In the wake of the George Floyd killing and other violence against criminal subjects, police departments around the country have been painted with the same broad brush — that they harbor a bunch of racist, violent, power-hungry cops who are busing their authority.
For the many departments that identify and address their problem officers seriously, that broad brush is not only unfair, but it taints their relationship with the communities they serve and undermines their ability to be effective public servants.
In addition to changing their policies and being more transparent, departments can help build trust by making sure they hire the right people in the first place.
Many departments hire officers with a history of disciplinary issues. Some of this is due to the fact that they want to give officers a chance to redeem themselves, so they hire the person on a probationary basis and scrutinize their conduct closely.
In other cases, the departments are unaware of past disciplinary issues because their former department didn’t take action, their cases didn’t make it to court or because the officer lied on his application.
Hiring experienced officers also helps save on training costs, prompting some departments to consider overlooking questionable conduct.
But plenty of experienced officers are available who change jobs seeking better pay or for other legitimate reasons.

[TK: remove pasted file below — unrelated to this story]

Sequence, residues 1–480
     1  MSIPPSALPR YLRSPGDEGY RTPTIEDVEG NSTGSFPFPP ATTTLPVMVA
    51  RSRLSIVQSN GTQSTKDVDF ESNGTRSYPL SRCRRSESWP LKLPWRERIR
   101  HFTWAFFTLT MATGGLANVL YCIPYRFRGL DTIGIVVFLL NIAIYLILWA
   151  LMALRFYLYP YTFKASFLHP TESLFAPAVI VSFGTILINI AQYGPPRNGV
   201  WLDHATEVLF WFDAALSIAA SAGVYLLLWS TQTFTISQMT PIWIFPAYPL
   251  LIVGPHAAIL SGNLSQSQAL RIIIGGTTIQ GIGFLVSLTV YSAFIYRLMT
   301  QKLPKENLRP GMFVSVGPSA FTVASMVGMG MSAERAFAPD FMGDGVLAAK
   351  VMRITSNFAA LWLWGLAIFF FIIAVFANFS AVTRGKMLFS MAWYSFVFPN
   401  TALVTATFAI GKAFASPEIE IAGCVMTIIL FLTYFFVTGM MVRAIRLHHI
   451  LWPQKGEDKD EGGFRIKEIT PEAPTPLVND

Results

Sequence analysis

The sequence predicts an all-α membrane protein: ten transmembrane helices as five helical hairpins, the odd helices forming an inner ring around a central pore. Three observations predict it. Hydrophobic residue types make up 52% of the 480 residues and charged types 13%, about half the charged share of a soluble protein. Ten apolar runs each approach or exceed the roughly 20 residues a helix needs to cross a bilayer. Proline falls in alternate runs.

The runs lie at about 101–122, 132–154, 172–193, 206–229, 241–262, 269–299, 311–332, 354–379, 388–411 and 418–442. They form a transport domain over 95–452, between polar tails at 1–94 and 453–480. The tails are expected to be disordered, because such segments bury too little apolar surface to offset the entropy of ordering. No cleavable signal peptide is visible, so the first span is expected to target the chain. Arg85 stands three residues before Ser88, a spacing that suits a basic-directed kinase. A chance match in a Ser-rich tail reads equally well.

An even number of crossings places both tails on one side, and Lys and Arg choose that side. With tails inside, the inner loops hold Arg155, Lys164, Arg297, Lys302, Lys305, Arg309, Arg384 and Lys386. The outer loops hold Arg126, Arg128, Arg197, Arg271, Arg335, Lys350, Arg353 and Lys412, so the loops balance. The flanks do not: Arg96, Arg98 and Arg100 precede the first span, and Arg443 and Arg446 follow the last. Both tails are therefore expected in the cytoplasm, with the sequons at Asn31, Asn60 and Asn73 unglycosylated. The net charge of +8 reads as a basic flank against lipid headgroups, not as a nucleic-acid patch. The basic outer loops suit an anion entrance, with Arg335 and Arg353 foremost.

Hire them instead.
To protect the public from bad hiring practices that put dangerous officers in the streets, state lawmakers are considering a number of bills relating to hiring.
One bill (A7284/S6489), the “Wandering Officers Act,” would prohibit a department from hiring an officer if he’s been previously fired as a police officer, left while under investigation or was the subject of termination-worthy disciplinary action, or if the officer resigned while criminal charges were pending.
The bill would prevent officers from taking their bad behavior from one community to the next and prevent departments from offering second chances to those who don’t deserve it.
(Here’s our recent article on the proposal.)
It’s got flaws, most notably the whole “innocent until proven guilty” part. It also takes discretion in hiring away from police chiefs and sheriffs.
But no one is guaranteed a job, especially a cop with a history of violence, corruption or criminality.
Another bill (A5417A/S6219A) would enact further protections by licensing police officers in the state, much the same way professions from nurses to teachers to hair stylists are licensed in New York.
It’s not a stretch to license police officers and make them subject to independent disciplinary review, similar to the way the Board of Regents operates.
Obviously, much more needs to be done in terms of policy, training, awareness and discipline to reduce police misconduct.
But stopping bad officers from finding new jobs after being cast off by their previous departments will help.